The only downside for me was that when Michael Morpurgo referenced the horses sleeping, he was always talking about them laying down. Horses rarely lay down to sleep, or anything else for that matter. He also mentioned Joey licking someone's face (or at least thinking about it). Growing up on 40 acres and raising horses causes me to beg the question, "How much research did he spend on horses before he wrote this book?" Overall, I would give this book an 8 out of 10. I can hardly wait to see the movie to come out to see how they adapted it to film.


Tuesday, February 7, 2012

3 New Beading Books

For you beaders, the library has three new books on beading.  Some of the work looks easy.  Some is more intricate.  Here are the titles:

Artisitc Seed Bead Jewelry: Ideas and Techniques for Original Designs by Maggie Roschyk
Classical Elegance: 20 Beaded Jewelry Designs by Maggie Meister
Peyote Stitch: Basic Techniques, Advanced Results by Stitch Workshop

They will be in the new book section upstairs for the next couple of months.

Kathi Linz

Knit Along with Debbie Macomber: Friendship Shawls

Knit Along with Debbie Macomber: Friendship Shawls is new in at the library.  For all you knitters with outreach goals, this book gives 10 patterns for beautiful prayer/comfort shawls.  In my opinion, (and I'm not THAT much of a knitter) some patterns look easy and some look more advanced.

While Debbie Macomber points out doing these shawls for Warm Up, they can be used to extend prayers and well wishes to anyone you know who needs moral support.

Kathi Linz

The Prayer Shawl Ministry Volume 2

The Prayer Shawl Ministry Volume 2 by Lion Brand Yarn

New at the library.

Here are 10 prayer/comfort shawl patterns combined with testimonies of those who have received them and prayers to use while knitting or crocheting the various patterns.

This book has beautiful photos and clear instructions as to how to knit or crochet each pattern.

Kathi Linz

Grace Under Pressure by Julie Hyzy

I enjoyed Julie Hyzy's White House Chef series.  So I anticipated enjoying this first book about a curator in a private museum called Grace Under Pressure

Lately, I've turned in even some of my favorite authors half-read.  Not this book!  I lost several hours of sleep for reading this mystery.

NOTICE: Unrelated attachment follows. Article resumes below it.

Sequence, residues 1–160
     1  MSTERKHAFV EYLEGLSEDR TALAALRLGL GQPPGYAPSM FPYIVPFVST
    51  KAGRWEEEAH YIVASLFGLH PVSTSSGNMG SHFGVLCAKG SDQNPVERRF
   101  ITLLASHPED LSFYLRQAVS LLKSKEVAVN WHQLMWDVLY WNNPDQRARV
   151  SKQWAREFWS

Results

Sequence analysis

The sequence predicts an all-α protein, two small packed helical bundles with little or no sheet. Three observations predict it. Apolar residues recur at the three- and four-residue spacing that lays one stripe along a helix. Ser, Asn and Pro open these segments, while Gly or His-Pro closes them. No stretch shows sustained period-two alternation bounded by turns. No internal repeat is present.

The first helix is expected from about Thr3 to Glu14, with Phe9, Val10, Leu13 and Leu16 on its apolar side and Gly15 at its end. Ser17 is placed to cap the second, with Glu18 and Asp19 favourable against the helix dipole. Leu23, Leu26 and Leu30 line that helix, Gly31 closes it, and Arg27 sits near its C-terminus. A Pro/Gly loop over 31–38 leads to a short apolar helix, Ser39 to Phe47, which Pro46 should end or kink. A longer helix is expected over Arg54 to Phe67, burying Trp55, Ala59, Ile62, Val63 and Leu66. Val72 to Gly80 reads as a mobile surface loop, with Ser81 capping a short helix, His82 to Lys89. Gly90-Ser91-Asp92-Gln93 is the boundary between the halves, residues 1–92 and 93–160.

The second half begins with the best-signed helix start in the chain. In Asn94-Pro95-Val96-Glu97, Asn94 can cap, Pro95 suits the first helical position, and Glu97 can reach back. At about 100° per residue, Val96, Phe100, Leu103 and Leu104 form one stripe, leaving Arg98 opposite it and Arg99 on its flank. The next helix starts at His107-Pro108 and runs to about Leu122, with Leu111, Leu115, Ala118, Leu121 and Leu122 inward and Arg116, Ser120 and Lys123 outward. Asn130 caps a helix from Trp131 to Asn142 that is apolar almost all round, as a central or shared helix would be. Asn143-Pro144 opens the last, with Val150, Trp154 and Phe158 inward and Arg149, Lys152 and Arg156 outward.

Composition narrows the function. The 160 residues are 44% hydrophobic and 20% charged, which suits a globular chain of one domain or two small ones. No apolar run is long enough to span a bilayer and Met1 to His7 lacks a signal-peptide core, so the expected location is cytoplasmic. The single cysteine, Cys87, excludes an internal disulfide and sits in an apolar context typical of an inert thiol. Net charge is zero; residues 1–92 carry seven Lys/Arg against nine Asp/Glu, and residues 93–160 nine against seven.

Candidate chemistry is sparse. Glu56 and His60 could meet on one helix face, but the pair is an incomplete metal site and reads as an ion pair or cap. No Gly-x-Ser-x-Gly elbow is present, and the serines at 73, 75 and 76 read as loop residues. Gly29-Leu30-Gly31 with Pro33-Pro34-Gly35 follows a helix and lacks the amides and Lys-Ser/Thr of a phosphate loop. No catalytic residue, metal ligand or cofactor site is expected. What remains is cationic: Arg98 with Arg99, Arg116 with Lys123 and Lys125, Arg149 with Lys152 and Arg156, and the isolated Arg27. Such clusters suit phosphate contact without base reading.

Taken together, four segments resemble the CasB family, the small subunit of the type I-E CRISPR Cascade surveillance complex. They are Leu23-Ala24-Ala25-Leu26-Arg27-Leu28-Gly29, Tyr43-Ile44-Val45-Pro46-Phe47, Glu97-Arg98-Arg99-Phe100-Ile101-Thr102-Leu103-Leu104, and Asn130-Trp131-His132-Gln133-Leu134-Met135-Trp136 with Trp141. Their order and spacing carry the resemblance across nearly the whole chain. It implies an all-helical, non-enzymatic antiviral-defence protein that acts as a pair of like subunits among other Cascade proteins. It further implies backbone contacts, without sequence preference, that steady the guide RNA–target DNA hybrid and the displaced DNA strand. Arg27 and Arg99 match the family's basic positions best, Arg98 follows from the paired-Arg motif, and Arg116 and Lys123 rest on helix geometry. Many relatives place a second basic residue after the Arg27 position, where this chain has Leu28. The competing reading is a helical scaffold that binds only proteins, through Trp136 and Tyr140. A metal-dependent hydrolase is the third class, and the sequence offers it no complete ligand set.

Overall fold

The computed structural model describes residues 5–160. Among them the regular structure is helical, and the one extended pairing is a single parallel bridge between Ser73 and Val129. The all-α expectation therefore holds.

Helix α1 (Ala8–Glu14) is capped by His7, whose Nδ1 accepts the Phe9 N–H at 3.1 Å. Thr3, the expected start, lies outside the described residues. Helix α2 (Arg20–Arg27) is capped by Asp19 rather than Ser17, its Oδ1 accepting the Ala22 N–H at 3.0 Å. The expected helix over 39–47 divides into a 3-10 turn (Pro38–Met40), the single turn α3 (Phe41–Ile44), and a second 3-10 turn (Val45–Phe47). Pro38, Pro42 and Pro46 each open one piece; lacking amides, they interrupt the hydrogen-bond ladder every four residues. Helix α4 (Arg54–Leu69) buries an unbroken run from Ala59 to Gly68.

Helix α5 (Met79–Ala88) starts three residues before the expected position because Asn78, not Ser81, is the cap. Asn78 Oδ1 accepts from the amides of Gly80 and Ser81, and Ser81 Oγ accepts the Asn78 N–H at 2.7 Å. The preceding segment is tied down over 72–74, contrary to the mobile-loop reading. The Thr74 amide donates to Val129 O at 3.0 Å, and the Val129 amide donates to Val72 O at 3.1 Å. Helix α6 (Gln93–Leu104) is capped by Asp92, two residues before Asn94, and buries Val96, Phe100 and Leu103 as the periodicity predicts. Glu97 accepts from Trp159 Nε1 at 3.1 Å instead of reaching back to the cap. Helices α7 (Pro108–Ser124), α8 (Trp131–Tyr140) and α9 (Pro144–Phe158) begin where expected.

On page one, Grace confronts a large man in the museum restaurant who is making a huge ruckus.  As it turns out, the man was creating a distraction while Grace's boss was murdered.  There isn't a wasted page in the whole story.  Family secrets, hidden passages, intentional misinformation, and privilege all turn the story around.

I can't wait to read part two, Grace Interrupted.

Kathi Linz

Tuesday, January 31, 2012

The Scroll by Grant Jeffrey and Alton Gansky

Among the finds during the search for the Dead Sea scrolls was one scroll made out of copper.  It was not a copy of Scripture or an Essene writing.  The copper scroll listed various treasures and artifacts presumably from the Second Temple in Jerusalem and the places they had been hidden.  To date, no treasure has been found from the list on the Copper Scroll. 

But what if...?

The premise of The Scroll by Grant Jeffrey and Alton Gansky is that the best biblical archaeologists in the world with unlimited funding and the blessing of the Israeli government go on a huge treasure hunt for the Temple treasures.

Sounds like a dream come true for the archaeologists.  However, interpersonal tensions on the team and the fact that someone is feeding information to news sources and Israel's enemies throws deadly challenges at the team.  They are at risk with every breath, and not all of the team will live to see the project completed.

Kathi Linz

Wednesday, January 25, 2012

If You Ask Me: (And of Course You Won't) by Betty White

I very much enjoyed reading Betty White's new book, If You Ask Me: (And of Course You Won't).  It's a great book to pick up if you are often interrupted while reading or for a quick few pages before sleeping.  Betty's book is a series of anecdotes and thoughts about her acting life and lessons learned from her parents.  She has quite a bit to say about the animals she's loved -  which are numerous.
There's nothing pretentious about this accomplished woman. 

Kathi Linz